Published on: zweikommasieben
Surrounded - Gaika, TCF and Ioann at MONOM Berlin
The 4DSOUND spatial sound system, that recently was installed at Berlin’s MONOM, got tested during CTM Festival by Gaika, TCF, and Ioann. Reasons enough for Mathis Neuhaus to check things out for zweikommasieben.
Recently, on a trip to Tokyo, I made a strange experience. In an exhibition called Open Space 2017: Re-envisioning the Future at the Intercommunication Center, I was led into a pitch-black space, directed to sit down and informed about a panic button at the leg of my chair that I could press if the following would unsettle me too much. The door closed and I was left in a silent room—literally, because I was sitting in a so-called anechoic chamber that allows no reflection of soundwaves whatsoever. Moments later, abstract sounds filled my head, floating from left to right, from the back of my head to the front. I heard a whisper and was sure, someone was standing right behind me, although I was—of course—all alone. The installation with the rather on-the-nose-title “Seeing with your ears” was a unique experience. It felt like the played sounds, recorded with stereophonic microphones and specifically distributed to exactly the spot I was sitting in, manifested themselves directly in my head. The perception of how precise sound can, well, sound when it is detached from external influence factors like reflective surfaces or sub-par speakers was impressive.
This anecdote came to mind a few weeks later during the annual CTM Festival in Berlin. At Funkhaus Nalepastrasse, a newly developed multi-purpose space for artist studios, concerts and anything sound-related, the 4DSOUND collective set up shop. At MONOM, Berlin’s center for spatial sound that was, amongst others, initiated by well-established producer, DJ and all in all sound-guru DVS1, their sound system was put to a test by Ioann, TCF and Gaika. It’s a system that consists of a speaker grid and that is organized as a sound-cage with customized, room-specific measurements. The speakers are shaped like columns so one can move around them and they take up as little space as possible. The idea behind the system is similar to the installation in Tokyo, creating an “omnidirectional sound environment where the listener can experience sound in an unlimited spatial continuum.” It works differently though. While the room in Tokyo was dark, sound-proof, custom-built, perfectly isolated and made for one person at a time, at MONOM the conditions were more adverse. Stone walls, many people and the occasional chatter made it hard to compete with the crystalline and focused clarity that was achieved in Japan.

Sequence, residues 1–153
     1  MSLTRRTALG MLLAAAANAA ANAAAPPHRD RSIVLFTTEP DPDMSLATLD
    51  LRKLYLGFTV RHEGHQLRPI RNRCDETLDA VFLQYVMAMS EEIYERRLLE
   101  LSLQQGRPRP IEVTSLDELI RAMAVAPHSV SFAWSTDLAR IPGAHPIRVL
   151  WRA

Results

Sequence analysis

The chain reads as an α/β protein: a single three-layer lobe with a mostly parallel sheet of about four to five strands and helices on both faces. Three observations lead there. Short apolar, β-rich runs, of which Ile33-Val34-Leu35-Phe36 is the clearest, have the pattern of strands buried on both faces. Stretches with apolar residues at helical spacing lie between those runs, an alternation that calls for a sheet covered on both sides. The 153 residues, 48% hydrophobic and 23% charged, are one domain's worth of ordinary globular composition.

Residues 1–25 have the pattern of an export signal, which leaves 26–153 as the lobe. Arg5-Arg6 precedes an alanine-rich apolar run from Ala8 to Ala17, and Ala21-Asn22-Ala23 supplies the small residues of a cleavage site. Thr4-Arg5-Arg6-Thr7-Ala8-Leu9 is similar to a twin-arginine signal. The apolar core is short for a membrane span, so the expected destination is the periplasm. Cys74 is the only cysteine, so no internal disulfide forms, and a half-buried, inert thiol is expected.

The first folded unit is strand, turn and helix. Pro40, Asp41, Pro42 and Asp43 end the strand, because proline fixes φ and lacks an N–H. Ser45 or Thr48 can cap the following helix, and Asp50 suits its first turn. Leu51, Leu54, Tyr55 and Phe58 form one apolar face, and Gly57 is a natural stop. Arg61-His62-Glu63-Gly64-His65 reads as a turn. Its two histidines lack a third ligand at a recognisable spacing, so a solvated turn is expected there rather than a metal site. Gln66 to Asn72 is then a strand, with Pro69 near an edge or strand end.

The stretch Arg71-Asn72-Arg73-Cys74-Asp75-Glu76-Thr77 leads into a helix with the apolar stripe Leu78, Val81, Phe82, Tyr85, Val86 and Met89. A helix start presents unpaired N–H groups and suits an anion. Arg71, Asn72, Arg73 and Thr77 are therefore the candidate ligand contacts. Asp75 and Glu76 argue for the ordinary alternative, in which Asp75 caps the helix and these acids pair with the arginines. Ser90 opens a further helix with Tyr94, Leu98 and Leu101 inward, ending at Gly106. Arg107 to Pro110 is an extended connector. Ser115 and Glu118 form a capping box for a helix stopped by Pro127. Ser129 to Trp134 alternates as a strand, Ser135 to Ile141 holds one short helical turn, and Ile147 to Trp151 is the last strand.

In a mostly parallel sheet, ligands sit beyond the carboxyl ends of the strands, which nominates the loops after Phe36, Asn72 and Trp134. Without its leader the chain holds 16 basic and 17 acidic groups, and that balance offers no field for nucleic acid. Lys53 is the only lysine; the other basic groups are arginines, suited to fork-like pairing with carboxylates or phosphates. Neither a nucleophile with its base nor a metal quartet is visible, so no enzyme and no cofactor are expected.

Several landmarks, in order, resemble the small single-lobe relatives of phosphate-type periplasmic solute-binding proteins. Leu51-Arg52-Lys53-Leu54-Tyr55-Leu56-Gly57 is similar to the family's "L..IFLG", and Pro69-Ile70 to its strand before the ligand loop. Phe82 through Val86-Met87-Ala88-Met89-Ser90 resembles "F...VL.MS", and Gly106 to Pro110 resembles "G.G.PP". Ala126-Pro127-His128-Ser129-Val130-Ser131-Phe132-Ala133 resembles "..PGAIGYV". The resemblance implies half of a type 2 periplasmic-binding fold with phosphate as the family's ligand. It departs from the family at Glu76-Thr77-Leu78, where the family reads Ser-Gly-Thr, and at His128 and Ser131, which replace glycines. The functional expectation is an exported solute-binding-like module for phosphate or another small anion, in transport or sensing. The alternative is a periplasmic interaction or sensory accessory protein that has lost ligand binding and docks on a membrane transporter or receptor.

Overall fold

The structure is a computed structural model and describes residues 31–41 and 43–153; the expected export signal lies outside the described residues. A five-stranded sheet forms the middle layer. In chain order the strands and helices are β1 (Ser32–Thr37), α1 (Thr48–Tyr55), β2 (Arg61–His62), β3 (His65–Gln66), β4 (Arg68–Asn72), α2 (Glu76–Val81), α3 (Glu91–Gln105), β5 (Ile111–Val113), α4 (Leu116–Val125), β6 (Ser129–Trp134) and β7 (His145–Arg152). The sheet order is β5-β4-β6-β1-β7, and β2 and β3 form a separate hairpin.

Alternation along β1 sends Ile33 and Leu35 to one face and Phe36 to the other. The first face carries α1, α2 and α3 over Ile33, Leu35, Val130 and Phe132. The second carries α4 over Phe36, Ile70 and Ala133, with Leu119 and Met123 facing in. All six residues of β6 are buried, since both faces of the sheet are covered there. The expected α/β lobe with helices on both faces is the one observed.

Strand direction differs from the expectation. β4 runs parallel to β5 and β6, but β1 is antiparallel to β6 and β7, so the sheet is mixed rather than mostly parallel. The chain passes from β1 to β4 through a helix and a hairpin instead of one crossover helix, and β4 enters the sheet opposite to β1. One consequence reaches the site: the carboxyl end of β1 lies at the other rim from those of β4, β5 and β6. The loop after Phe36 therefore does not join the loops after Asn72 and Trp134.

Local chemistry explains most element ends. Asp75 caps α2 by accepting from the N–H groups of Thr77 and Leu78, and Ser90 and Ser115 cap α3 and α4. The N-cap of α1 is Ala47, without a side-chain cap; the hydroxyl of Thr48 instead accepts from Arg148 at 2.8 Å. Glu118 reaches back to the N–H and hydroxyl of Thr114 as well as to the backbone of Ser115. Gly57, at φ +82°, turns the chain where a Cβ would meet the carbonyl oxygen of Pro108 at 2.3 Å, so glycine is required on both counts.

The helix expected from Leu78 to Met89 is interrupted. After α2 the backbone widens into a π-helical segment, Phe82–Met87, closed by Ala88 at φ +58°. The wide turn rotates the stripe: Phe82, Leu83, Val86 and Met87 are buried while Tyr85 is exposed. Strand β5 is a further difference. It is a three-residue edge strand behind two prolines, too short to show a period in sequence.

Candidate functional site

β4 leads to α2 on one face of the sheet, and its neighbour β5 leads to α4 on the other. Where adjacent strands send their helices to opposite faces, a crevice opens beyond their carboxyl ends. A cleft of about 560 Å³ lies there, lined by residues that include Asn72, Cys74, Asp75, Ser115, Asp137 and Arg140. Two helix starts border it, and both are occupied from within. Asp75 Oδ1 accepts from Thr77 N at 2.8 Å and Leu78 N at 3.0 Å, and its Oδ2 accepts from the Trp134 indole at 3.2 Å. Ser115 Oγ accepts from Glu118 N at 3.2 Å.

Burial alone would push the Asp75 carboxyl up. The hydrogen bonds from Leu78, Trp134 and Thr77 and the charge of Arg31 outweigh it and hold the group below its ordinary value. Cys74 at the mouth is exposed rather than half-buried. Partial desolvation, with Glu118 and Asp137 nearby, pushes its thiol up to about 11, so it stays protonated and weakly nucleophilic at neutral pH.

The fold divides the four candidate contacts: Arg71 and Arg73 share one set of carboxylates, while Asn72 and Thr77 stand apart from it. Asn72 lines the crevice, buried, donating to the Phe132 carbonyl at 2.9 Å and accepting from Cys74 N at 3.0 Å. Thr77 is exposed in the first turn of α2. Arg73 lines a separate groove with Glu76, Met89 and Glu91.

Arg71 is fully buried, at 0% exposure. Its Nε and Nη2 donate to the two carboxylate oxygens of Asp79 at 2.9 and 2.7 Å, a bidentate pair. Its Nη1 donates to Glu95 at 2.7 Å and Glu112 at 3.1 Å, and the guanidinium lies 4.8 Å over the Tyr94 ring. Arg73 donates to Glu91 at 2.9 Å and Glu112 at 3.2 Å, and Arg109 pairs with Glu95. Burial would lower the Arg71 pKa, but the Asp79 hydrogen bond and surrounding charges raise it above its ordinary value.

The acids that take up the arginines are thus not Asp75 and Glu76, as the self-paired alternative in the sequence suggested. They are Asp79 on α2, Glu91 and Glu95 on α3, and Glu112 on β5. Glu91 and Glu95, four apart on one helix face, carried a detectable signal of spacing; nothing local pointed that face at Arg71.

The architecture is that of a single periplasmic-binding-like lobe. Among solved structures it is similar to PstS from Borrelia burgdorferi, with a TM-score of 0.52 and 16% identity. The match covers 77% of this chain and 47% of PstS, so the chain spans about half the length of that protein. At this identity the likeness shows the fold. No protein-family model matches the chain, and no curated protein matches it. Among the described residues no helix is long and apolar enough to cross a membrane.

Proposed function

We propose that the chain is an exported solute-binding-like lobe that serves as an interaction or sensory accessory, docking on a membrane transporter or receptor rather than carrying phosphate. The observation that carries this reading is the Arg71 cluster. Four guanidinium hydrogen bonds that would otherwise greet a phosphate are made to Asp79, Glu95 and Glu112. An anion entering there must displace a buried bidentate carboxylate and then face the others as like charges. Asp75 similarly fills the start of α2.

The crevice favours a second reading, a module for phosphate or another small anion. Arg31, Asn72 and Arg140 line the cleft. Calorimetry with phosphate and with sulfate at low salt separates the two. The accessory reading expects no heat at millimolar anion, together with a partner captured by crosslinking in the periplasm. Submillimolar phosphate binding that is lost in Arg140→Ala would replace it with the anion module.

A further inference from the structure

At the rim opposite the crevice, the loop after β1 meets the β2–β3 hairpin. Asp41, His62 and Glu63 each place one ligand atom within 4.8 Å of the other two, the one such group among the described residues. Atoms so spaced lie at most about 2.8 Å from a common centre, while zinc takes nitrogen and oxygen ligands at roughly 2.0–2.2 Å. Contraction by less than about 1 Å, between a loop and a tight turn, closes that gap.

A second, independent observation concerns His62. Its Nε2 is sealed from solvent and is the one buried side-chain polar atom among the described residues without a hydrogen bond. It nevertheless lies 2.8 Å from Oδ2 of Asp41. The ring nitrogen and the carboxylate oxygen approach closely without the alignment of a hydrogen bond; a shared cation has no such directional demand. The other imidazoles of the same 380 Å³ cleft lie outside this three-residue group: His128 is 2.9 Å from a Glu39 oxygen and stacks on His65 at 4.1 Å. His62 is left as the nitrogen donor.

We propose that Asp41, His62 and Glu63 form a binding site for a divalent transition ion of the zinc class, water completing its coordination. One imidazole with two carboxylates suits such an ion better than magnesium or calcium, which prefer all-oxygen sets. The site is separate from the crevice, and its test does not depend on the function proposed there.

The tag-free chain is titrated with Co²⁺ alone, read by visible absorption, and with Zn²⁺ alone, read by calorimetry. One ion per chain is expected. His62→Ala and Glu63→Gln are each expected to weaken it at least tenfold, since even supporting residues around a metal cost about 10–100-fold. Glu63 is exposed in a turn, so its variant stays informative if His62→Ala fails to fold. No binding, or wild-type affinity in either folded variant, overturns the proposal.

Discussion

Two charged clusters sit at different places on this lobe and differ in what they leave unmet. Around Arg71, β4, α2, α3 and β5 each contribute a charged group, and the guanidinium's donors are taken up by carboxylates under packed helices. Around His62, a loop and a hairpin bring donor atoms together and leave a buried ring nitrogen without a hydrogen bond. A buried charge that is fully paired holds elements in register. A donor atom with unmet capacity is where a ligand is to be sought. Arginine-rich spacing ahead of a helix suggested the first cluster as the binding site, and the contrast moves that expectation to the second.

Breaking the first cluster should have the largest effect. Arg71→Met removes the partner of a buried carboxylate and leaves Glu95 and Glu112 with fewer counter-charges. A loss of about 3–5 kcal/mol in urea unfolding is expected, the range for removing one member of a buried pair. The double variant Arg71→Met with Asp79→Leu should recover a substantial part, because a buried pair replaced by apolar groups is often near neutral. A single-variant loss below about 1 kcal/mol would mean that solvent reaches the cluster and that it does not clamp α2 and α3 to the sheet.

After Ioann’s introduction of the night—all done with an iPad and consisting mostly of vague ambient sounds—fell a bit flat, TCF played it relatively safe. Moreover, the performance of the Norwegian artist and blockchain-enthusiast was unfortunately interrupted due to technical difficulties. Gaika’s performance, the final one that night, was the most impressing of the bunch: a specially commissioned piece called “The Spectacular Empire Pt II: The Time Machine,” that relied heavily on the artist’s own voice—delivered mostly as spoken word—, was only supported by eerie synths and beats. The Warp-signed producer and singer made clever use of the sound system’s undeniable benefits without constantly overdoing it just because he could. A looped hush by Gaika, who was placed in the center of the action with the audience standing all around him, traveled through the room, making it sound like it chased itself through the cavernous space. Also, Gaika’s performance was the most convincing, because the presented material in itself was on point: it would have certainly sounded great through a conventional sound system, too.
It will be interesting to see, if artists will embrace the possibilities of the 4DSOUND system more in the future. For example, by producing and mastering tracks already adept to the system and its fragmented set-up. For now, the experience at MONOM cannot come anywhere close to the one I made in Japan a while back. Not that I expected it to, but secretly, I had hope and longed for a rerun.